When a technical supervisor for the Houston Police Department discovered flaws in a popular method of breath analyzers, the District Attorney decided to try shooting the messenger. However, after presenting their case against the whistle-blower to a grand jury, the prosecutors have apparently found themselves targeted.
Amanda Culbertson, a technical supervisor at the HPD Crime Lab, noticed that the the mobile breathalyzer machines (known as BAT vans) she oversaw had maintenance issues that were leading to unreliable test results—potentially jeopardizing numerous DWI cases where they were used. As documented by emails, she told her supervisors who chose to do nothing. Culbertson then left her job and joined a local college where she continued doing the same duties for a lab contracted to support county-level agencies. She let people know her departure was over the issues with the HPD BAT vans. Defense attorneys noticed and had her testify before a judge. This made the District Attorney angry, and you don’t want to make her angry.
Harris County District Attorney Pat Lykos, instead of investigating the claims in the interest of serving justice, decided to take action against Culbertson and the horse she rode out on. The DA pushed the county to cancel their contract with the Culbertson’s new lab, in essence firing her. It then opted to take a case against Culbertson and the BAT vans to a grand jury. That’s when things went out of their control.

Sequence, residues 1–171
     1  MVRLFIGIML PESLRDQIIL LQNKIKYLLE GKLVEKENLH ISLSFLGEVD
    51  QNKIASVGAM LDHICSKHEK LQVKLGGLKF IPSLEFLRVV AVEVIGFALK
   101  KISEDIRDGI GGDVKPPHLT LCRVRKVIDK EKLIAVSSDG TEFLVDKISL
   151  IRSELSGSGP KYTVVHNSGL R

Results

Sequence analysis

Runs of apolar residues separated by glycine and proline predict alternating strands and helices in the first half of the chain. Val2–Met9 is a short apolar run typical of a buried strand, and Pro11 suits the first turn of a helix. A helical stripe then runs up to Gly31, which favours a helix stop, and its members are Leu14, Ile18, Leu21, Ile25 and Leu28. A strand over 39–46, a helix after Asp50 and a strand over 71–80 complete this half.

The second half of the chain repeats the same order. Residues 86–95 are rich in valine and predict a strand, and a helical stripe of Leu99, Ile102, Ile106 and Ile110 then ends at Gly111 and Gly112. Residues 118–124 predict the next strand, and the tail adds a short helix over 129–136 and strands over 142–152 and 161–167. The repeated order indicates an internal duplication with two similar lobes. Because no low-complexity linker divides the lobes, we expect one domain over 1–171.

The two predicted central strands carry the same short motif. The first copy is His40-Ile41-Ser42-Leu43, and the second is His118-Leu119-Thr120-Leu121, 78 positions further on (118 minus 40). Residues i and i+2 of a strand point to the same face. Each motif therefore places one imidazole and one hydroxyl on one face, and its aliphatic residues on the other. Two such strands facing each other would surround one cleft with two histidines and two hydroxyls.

Several defense attorneys came to Culbertson’s aid and positions were stated to the grand jury. When a defense attorney critical of BAT vans was called to testify, the grand jury requested the prosecutors leave the room. The rare, but legal, move upset the prosecutors, as it implied they weren’t independent and likely the subject of the grand jury investigation. The prosecutors argued vehemently to stay in the room, but backed off when the grand jury instructed the bailiff to arrest them.
The prosecutors went to the judge who empaneled the grand jury and demanded she order them to let them back in the room, but she denied their request. An appeals court quickly agreed. Regardless of the eventual outcome, things are interesting in Houston.
With credit to Scott Greenfield!